At the moment, I’ve been playing in four different mini-projects or sketches, as processing community called them:


It’s a little grass-field simulator. I wanted to play with bezier curves and the wind (simulated when clicking with the mouse on the screen). You can access the sketch here (only works on Chrome): grass.


This sketch is opening a Caffeine molecule from a PDB file and displaying it in 2 dimensions. Here it is a small screencast:

You can download the binary and the code from here.


Same as before, but this time using 3D capabilities:

Download the binary and code from here.


This is my favorite project, I’ll spend much more time on it in the next three weeks. Livetifact names comes from “live” and “artifact”, it’s a kind of cell which breaths (and suffers from some anxiety!). You can feed it clicking on the screen. Livetifact will launch its ciliums to catch the food and will generate some sound (or noise). I’m planning to use it as a platform for developing a “sensing and living” sampler. Access the project here (only fully supported on Chrome browser): livetifact. There’s a lot of job to do on the programming, sound and graphics parts.

Books I’ve read so far this year

May 3, 2013 at 21:53


  • Outpost – Adam Baker
  • Apocalipsis Z. Los días oscuros – Manel Loureiro
  • Apocalipsis Z. La ira de los justos – Manel Loureiro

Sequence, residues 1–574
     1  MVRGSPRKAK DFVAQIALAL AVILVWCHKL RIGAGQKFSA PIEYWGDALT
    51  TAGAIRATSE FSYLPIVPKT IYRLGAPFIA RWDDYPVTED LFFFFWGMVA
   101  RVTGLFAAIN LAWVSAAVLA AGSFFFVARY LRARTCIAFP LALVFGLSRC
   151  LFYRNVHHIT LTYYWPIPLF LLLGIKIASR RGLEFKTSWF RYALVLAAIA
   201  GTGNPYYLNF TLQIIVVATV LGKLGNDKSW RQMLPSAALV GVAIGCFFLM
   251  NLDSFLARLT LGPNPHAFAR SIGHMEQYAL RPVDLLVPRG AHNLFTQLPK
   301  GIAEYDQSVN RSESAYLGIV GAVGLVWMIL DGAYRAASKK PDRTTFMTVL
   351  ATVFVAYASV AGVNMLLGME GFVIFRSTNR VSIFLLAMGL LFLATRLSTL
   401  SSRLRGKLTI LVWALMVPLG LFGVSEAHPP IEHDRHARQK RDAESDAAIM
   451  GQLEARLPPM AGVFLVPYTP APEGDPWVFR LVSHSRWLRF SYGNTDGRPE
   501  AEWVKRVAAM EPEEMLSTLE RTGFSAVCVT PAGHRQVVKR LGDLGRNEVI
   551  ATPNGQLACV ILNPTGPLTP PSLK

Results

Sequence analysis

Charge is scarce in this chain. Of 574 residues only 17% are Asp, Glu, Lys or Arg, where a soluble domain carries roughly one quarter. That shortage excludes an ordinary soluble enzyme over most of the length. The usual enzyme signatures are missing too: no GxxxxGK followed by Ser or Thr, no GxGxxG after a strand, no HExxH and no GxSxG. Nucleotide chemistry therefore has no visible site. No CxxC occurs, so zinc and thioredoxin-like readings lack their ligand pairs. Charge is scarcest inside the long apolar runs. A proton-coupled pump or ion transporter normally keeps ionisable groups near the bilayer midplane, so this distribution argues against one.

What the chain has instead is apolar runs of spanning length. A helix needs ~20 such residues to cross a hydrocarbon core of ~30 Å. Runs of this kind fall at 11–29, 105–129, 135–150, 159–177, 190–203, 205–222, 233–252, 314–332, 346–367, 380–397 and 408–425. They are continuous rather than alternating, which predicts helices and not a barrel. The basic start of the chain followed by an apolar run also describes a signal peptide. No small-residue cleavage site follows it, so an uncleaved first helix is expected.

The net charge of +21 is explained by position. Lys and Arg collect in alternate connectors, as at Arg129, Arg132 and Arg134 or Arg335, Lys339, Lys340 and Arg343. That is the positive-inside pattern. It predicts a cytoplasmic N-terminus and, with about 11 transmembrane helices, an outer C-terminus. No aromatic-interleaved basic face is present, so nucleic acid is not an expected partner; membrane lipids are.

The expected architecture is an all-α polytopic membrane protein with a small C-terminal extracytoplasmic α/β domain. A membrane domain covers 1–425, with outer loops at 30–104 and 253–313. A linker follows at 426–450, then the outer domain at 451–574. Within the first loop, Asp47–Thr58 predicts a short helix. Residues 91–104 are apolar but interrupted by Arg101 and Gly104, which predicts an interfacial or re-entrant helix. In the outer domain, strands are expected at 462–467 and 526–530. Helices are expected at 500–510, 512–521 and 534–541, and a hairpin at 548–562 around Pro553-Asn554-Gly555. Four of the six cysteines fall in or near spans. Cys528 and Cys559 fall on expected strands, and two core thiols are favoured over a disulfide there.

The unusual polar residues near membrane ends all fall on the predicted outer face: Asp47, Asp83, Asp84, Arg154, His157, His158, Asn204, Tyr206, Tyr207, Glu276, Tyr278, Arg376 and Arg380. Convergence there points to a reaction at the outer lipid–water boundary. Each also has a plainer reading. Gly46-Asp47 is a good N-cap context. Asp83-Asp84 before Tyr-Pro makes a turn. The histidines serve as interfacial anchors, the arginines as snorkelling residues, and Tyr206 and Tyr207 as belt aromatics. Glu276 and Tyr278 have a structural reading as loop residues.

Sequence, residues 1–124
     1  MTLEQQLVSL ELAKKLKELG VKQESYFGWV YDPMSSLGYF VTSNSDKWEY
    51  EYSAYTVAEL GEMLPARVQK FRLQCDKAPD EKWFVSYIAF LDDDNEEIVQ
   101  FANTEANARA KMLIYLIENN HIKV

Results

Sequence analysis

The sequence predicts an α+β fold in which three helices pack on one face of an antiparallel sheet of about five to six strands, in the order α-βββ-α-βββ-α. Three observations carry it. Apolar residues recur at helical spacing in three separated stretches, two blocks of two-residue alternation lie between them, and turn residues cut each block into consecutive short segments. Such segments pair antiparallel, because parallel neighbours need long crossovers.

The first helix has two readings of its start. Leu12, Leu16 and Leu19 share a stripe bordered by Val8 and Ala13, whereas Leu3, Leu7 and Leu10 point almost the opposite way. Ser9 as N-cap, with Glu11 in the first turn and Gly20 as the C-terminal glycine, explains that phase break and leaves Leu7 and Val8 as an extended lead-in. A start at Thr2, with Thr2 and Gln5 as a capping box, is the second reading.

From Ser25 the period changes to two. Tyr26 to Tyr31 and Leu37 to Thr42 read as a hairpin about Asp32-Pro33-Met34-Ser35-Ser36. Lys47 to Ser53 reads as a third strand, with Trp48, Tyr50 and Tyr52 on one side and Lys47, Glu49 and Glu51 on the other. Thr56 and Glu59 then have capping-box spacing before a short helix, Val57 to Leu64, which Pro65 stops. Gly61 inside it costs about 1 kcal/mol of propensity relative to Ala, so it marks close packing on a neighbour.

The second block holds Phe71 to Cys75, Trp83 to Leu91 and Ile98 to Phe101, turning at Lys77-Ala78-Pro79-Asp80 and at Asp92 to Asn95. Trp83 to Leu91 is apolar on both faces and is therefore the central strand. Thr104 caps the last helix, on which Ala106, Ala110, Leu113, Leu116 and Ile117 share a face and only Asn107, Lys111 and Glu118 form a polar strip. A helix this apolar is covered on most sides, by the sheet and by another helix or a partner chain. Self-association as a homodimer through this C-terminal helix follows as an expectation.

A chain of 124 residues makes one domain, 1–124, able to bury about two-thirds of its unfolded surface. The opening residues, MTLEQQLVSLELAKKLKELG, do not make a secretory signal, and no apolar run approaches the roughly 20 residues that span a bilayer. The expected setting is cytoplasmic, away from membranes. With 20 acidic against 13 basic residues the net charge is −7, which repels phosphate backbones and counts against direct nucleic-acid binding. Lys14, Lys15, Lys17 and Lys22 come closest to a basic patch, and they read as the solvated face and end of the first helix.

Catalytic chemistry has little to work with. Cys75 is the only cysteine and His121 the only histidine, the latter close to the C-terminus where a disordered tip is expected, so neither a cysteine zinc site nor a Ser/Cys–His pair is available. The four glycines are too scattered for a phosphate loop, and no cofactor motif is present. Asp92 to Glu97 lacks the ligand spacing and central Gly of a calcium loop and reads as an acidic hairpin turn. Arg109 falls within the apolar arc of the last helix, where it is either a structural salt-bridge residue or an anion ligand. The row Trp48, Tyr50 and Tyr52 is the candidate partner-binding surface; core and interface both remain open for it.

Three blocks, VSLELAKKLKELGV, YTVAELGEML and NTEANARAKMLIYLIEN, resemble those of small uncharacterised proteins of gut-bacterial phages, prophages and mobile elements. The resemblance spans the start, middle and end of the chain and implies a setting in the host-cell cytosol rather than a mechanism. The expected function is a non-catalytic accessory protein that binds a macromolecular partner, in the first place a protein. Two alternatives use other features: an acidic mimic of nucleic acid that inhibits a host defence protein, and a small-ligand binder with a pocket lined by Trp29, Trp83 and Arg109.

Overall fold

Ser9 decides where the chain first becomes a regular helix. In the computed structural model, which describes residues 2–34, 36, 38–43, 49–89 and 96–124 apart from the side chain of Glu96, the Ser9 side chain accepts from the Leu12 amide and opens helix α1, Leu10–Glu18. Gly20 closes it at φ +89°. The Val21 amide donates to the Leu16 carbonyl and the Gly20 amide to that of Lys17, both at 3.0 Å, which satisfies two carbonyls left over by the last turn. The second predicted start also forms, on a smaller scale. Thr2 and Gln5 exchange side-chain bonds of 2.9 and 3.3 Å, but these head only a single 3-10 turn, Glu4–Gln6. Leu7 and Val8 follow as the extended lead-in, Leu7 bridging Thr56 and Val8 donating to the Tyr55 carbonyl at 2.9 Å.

• A Dance with Dragons (A Song of Ice and Fire, Book 5) – George R.R. Martin
  • Michael Freeman’s Photo School. Exposure – Michael Freeman
  • Aventuras de un oficinista japonés –  José Domingo
  • The Art of War – Kelly Roman and Michael DeWeese

5th CAPRI Evaluation Meeting

April 16, 2013 at 17:06

Random Protein

The CAPRI evaluation meeting is the most important date in my research group’s agenda. Tomorrow, the 5th CAPRI evaluation meeting starts in Utrecht. The 4th evaluation meeting was celebrated in Barcelona and organized by my group, but I hadn’t started my PhD at that moment, so this is my very first “CAPRI”. I am presenting a poster and I am very excited about personally meeting all the good scientists who wrote the best articles in the protein-protein docking field.

You can follow the live feed from twitter hashtag #CAPRI2013Utrecht.

By the way, I’m participating in the e-ScienceTalk (www.e-sciencetalk.org) initiative, so I’ll post about the 5th CAPRI evaluation meeting in the GridCast blog.

After three very intensive days in Utrecht, I will visit Amsterdam for a couple of days. It is going to be my third time in Amsterdam, but the first one I can visit the Rijksmuseum.